We tested this system in exactly the same way as we have tested all our other systems: in a way that works successfully for us in every other system change we have made. As I said, we have moved 1.3 million payments - pensions, child benefit, maternity and paternity benefits and treatment benefit - onto this system and have not had this incident before. We followed exactly the same testing routine. When trialling it, we also ran existing certificates that were in payment through the system to see whether it paid them, and it did. We launched an early implementation of it in respect of the partial capacity benefit programme, which is an analogous programme. This worked well. I could go into the reasons I think this training did not work but, if I may ask the indulgence of the committee, I point out that we have commissioned the independent review. I do not want to be seen to prejudice what the person carrying out the review will find. If I say what I think, I might be seen to be leading him. I think there were issues with the testing, from which I think we will learn, but I do not want to say something and then we see the independent review was not as independent as it should have been.

We could and should have done better on staff training. Our staff have made this point very strongly to us. Again, the training delivered to staff was the same as the training delivered in respect of every other scheme. It may have been Deputy Joan Collins but someone asked whether we planned for things going wrong. I suppose that in reality we did not. We planned for things to go right. Normally, for the people involved, if a systems change is carried out and the implementation works well and staff then have sufficient training, they then develop confidence in the system and its real-life application. However, when staff are suddenly hit with large numbers of calls, one cannot, having gone live, get confidence in the system. One of the learnings from this is to plan for failure rather than success. If there were ever an example of learning more from one's mistakes than one's successes, this is it. Our successes on the other schemes may have led to a level of complacency that there would not be a failure, and I put my hands up on that.

A point was raised about doctors charging people for certificates. We pay the doctors, so it is very clear that they should not be charging people for certificates. Doctors who are doing so are pulling a fast one. I do not believe the practice is widespread.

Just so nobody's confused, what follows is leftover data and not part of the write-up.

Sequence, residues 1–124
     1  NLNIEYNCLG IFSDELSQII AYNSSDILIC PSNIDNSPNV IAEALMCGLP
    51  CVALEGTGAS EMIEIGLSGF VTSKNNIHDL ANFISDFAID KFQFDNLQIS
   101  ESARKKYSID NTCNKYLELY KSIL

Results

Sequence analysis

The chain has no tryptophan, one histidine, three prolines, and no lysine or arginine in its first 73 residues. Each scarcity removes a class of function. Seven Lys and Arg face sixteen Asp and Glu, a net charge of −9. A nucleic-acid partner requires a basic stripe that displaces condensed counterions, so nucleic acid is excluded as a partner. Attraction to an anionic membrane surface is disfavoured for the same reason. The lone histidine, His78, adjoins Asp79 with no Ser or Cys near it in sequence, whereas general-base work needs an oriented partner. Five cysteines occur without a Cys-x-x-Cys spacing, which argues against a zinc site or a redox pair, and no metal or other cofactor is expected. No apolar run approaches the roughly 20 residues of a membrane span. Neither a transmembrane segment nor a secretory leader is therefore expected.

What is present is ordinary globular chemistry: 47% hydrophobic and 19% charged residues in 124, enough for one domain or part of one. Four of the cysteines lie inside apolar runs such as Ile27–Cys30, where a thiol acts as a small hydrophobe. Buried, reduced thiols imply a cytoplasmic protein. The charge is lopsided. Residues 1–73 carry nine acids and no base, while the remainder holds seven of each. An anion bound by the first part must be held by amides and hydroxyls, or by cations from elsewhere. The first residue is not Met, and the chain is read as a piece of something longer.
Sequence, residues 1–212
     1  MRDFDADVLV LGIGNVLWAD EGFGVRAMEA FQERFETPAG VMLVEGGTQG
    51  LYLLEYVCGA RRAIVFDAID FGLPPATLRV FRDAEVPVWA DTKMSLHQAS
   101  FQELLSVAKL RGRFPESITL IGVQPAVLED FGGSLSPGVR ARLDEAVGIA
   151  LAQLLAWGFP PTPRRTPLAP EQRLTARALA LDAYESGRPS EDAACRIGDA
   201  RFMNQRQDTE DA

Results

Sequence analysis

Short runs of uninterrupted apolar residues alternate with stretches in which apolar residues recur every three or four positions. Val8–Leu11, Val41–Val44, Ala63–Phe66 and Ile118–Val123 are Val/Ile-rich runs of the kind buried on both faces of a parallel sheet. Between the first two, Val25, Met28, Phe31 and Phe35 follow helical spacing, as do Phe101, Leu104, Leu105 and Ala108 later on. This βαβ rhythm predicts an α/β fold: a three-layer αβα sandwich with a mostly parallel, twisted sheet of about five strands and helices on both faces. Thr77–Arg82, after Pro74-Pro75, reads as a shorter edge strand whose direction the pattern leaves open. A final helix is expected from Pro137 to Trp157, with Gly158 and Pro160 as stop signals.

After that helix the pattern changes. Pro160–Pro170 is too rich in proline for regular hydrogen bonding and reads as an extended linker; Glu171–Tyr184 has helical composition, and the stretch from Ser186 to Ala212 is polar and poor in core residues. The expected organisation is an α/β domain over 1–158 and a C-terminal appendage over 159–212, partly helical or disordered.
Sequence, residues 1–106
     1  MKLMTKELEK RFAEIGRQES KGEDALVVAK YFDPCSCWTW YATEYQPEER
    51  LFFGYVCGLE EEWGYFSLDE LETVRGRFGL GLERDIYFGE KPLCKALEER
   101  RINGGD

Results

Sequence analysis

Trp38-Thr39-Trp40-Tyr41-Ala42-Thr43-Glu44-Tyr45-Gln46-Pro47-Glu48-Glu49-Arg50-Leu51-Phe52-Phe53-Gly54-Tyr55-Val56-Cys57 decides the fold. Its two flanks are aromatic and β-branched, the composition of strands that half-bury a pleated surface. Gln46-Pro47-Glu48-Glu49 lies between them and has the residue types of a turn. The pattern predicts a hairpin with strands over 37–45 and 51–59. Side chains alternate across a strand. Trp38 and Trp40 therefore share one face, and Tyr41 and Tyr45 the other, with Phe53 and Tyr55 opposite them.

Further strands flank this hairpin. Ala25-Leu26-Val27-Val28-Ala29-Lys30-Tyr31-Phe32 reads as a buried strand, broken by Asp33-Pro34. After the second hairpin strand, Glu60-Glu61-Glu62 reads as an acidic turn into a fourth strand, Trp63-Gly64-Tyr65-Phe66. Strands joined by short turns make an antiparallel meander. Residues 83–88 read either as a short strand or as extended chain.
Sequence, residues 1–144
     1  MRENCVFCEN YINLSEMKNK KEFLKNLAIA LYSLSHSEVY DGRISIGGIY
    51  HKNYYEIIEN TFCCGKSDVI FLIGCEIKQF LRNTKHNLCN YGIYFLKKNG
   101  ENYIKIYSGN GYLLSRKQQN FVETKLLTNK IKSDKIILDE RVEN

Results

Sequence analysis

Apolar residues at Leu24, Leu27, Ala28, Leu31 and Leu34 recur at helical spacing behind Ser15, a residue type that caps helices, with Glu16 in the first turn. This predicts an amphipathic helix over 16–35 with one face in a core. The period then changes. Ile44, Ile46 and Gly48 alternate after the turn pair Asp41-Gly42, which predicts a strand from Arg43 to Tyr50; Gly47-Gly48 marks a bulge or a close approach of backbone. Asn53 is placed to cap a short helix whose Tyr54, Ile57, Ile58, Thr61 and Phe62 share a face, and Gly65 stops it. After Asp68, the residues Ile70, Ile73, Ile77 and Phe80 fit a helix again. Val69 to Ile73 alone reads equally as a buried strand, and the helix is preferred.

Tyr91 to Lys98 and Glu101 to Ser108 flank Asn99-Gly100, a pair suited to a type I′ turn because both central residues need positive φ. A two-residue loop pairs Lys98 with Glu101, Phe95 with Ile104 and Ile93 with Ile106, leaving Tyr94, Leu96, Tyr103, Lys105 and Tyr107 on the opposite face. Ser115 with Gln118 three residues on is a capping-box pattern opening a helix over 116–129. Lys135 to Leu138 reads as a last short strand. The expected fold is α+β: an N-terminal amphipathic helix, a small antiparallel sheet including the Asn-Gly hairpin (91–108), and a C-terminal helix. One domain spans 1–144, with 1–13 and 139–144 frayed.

I was asked whether we wrote to everyone to apologise. I think I did so about two and a half or three weeks ago.

I explained what had happened as best I could in a letter, albeit one could obviously not send a letter of the length of my opening statement. I pointed to the availability of the community welfare service. I will not say I am happy to do so again in that one is never happy in this situation. However, if people feel it would be appropriate to draft another letter, I am absolutely prepared to do so.

I was asked about plans for other payments. The members can be assured that we will be taking these steps very seriously. At this point, the main payments which are not on the system are jobseekers' payments and lone-parent payments. We will be approaching these very carefully. As I said, there are 55,000 people on the illness benefit scheme whereas those other two schemes have many more participants. If there is a silver lining in this, it is that at least we learned our lessons in some respects. I am not trying to mitigate the impact but if we had affected lone parents or jobseekers, the numbers - and this is purely about the numbers rather than individual circumstances - would have been of a whole different order of magnitude. We will definitely take on board the lessons from this to ensure those implementations go properly.

I thank Mr. McKeon. I am conscious of the time. If anyone has a short comment, I will take it.

The independent review will be critical. Mr. McKeon used the word "complacent" and referred to all of these other things, but the important thing is to ensure lessons are learned. I would be interested, therefore, to hear the terms of reference for the independent review.

Mr. John McKeon

I am happy to share them with the committee.

It is important to ensure the review does not look only at the systems failure. There is also a critical analysis to carry out on how the Department responded to it. As such, I ask that the terms of reference be provided and whether the review will be made public. It will be critical for the committee to see it. As Mr. McKeon stated, jobseekers and lone parents will be put on the same system and it would be very useful for us to look at that. I imagine highly-paid consultants were engaged in the roll-out of this. I would be interested to hear at what stage those highly paid consultants identified problems with the system they were tasked with rolling out. I ask Mr. McKeon to touch on that. How many people are still in arrears? Mr. McKeon says some have been sorted out at this stage and is hopeful the others will be sorted over the rest of this week. How many people were in arrears and what percentage of them have yet to receive their backdated payments? Can we get a categorical assurance that everyone will be paid by the end of business tomorrow?